Indian skipper Virat Kohli during practice session. Photograph:( AFP )
The two Asian giants lock horns in Manchester on Sunday with more than a billion people expected to tune in for the most-anticipated match of the tournament
Captain Virat Kohli has sought to play down the hype surrounding India's World Cup clash against arch-rivals Pakistan, saying the impact of the result will "not last a lifetime".
The two Asian giants lock horns in Manchester on Sunday with more than a billion people expected to tune in for the most-anticipated match of the tournament.
Two-times champions India, who have won all six of their meetings against their neighbours in World Cups, go into the contest in good shape, with two victories and a no-result so far.
Pakistan, led by Sarfaraz Ahmed, are struggling in the 10-team table with just one win -- an upset against England -- two defeats and a washout.
Kohli said his team would focus on their strengths rather than worrying about the weaknesses of any opposition.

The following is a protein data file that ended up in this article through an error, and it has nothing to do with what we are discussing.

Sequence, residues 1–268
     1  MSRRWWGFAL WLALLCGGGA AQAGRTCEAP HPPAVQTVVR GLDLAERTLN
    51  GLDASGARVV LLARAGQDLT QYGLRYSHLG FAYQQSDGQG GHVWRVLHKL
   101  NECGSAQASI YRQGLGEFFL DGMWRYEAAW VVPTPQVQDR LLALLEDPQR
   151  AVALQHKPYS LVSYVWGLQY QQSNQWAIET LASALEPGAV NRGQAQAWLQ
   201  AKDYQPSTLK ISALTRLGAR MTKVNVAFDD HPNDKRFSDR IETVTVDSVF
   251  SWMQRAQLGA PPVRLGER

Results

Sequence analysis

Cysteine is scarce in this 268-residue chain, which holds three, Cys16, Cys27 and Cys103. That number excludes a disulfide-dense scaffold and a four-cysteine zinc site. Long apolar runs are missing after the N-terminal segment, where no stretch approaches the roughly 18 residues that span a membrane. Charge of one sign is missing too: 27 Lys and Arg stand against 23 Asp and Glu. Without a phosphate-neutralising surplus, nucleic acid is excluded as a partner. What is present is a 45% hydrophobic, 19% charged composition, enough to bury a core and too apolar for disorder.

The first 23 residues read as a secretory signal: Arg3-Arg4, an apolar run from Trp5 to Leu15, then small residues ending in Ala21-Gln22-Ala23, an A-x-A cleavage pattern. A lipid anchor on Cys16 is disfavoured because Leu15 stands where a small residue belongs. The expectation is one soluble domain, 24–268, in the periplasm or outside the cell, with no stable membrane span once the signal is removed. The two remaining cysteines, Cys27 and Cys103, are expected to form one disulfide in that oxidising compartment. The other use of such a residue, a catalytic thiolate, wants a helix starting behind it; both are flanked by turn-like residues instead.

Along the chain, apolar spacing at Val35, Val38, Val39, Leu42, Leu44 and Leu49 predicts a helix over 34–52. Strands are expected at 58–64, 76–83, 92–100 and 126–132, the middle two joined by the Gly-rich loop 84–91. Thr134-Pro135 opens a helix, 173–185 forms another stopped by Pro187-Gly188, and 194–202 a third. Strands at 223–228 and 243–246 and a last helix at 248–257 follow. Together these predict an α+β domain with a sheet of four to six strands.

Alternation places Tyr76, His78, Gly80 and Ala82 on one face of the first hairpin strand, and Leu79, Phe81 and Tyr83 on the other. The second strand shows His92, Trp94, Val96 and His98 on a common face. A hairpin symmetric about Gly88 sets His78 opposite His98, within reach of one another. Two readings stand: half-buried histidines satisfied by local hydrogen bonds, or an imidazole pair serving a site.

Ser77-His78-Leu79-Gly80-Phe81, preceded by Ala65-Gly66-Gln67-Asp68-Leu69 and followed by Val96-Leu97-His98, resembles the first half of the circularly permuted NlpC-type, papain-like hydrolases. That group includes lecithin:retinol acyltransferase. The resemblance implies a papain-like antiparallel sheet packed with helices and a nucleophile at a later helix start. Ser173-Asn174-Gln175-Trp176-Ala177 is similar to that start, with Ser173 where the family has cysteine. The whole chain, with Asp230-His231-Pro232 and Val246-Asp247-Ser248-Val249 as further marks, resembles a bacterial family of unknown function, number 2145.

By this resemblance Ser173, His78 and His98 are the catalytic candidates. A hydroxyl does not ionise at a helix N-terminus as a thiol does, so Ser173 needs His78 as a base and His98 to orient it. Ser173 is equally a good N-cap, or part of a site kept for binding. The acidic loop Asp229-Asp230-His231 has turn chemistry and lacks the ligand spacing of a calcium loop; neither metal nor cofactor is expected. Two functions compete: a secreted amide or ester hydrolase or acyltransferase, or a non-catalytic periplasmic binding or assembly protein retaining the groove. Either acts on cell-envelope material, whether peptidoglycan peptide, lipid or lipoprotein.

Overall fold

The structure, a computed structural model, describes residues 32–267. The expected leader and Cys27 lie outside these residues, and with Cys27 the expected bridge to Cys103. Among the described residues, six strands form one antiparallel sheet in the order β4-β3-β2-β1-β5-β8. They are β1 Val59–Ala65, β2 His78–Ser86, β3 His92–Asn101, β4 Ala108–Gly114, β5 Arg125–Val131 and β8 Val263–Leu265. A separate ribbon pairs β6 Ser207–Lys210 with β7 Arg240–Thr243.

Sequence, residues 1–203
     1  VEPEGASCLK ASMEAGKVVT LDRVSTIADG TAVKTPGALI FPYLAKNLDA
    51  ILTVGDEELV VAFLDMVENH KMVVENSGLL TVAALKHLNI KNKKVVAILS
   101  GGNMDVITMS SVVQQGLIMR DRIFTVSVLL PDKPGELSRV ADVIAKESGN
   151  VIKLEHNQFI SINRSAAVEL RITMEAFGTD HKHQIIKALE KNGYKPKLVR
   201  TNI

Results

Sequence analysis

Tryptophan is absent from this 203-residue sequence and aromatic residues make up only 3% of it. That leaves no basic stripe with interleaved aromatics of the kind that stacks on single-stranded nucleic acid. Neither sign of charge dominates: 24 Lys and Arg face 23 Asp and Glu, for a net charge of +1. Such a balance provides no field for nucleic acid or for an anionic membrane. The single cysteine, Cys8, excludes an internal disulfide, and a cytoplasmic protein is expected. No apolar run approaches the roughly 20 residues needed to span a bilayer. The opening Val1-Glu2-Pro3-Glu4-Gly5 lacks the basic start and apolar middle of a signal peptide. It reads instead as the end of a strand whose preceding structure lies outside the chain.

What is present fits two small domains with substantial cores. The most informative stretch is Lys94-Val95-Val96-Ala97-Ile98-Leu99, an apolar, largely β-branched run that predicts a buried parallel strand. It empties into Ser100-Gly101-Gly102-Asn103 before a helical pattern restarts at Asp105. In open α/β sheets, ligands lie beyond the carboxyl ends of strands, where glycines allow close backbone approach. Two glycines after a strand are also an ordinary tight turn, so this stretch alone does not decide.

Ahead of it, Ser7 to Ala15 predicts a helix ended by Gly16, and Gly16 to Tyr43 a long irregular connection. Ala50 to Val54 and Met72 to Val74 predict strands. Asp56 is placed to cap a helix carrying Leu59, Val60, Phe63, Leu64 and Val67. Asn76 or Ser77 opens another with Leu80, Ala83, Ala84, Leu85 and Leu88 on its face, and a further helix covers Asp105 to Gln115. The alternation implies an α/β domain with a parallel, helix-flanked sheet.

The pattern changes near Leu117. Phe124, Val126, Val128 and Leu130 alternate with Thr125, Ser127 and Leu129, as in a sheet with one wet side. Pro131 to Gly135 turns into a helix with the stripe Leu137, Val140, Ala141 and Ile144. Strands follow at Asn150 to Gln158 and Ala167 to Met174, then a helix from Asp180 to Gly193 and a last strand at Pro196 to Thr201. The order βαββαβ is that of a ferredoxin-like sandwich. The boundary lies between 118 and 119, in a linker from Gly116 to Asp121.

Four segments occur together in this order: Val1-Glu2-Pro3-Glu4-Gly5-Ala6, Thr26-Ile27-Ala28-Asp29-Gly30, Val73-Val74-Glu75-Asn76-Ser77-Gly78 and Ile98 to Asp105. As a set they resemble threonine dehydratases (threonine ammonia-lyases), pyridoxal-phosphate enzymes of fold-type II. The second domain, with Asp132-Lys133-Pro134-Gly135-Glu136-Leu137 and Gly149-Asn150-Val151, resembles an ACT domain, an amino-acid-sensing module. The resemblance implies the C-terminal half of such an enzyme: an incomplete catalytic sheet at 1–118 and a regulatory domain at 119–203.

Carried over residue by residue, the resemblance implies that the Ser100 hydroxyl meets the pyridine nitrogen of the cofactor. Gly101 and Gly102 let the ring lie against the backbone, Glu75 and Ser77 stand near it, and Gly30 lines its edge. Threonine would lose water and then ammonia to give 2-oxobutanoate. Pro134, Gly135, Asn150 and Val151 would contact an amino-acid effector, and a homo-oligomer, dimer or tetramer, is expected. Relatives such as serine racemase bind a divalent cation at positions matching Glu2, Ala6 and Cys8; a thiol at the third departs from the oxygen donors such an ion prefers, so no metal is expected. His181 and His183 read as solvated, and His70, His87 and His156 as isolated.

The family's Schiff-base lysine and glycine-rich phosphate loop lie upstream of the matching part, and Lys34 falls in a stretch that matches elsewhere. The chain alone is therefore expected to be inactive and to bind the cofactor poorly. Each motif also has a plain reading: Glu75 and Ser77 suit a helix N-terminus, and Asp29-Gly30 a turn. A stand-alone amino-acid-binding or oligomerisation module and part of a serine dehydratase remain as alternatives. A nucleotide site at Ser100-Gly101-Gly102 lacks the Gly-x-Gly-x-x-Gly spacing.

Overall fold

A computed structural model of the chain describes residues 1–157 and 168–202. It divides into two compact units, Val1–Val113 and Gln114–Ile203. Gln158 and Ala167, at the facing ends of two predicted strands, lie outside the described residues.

"We're not focusing on the opposition, so for us no one's a threat. For us, no one player matters more than the other," Kohli said at Old Trafford on Saturday.
"It's about going into the park as the Indian cricket team and taking on whichever team is in front of us. If we play well, we can beat any side in the world," he said.
Matches between the two countries, who currently only face each other in multi-nation tournaments, are always about more than just what happens on the pitch.
"I think the best way to approach something like this, if one focuses too much on what's going on the outside, it's to understand that the game starts tomorrow at a certain time and it finishes at a certain time," said Kohli.
"So it's not going to last a lifetime for you, whether you do well or you don't," the captained reasoned with a blank expression.
He added, "From the fans' point of view, looking at the atmosphere and frenzy around the game, I wouldn't say it's easy to think like a player. For the players, it's very, very crucial to be absolutely professional."
The two teams have played each other in 131 one-day international games. Pakistan have a clear edge with 73 wins, despite their poor record against India at World Cups.
With the threat of rain looming over the match, Kohli said flexibility would be crucial both for the team's plans and the make-up of the side.
"We can't be rigid in our approach because, if the conditions are very different from what we played in the last game, then we'll have to think of different combinations, " he said.
"If the length of the game is going to be full and we expect the game to be 50 overs both sides, then we'll probably think of another combination, but we'll have to be flexible."